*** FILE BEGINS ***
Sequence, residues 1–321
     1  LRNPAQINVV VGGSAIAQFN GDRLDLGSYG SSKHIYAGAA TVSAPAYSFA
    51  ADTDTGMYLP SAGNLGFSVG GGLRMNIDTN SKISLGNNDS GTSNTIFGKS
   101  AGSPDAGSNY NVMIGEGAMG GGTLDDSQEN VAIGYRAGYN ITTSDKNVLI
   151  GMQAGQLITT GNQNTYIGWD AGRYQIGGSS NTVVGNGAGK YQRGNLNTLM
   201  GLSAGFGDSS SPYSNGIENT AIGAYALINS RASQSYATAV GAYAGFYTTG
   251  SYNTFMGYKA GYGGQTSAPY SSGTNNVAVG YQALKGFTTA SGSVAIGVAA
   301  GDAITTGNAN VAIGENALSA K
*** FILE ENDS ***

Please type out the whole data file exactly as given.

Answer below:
Sequence, residues 1–321
     1  LRNPAQINVV VGGSAIAQFN GDRLDLGSYG SSKHIYAGAA TVSAPAYSFA
    51  ADTDTGMYLP SAGNLGFSVG GGLRMNIDTN SKISLGNNDS GTSNTIFGKS
   101  AGSPDAGSNY NVMIGEGAMG GGTLDDSQEN VAIGYRAGYN ITTSDKNVLI
   151  GMQAGQLITT GNQNTYIGWD AGRYQIGGSS NTVVGNGAGK YQRGNLNTLM
   201  GLSAGFGDSS SPYSNGIENT AIGAYALINS RASQSYATAV GAYAGFYTTG
   251  SYNTFMGYKA GYGGQTSAPY SSGTNNVAVG YQALKGFTTA SGSVAIGVAA
   301  GDAITTGNAN VAIGENALSA K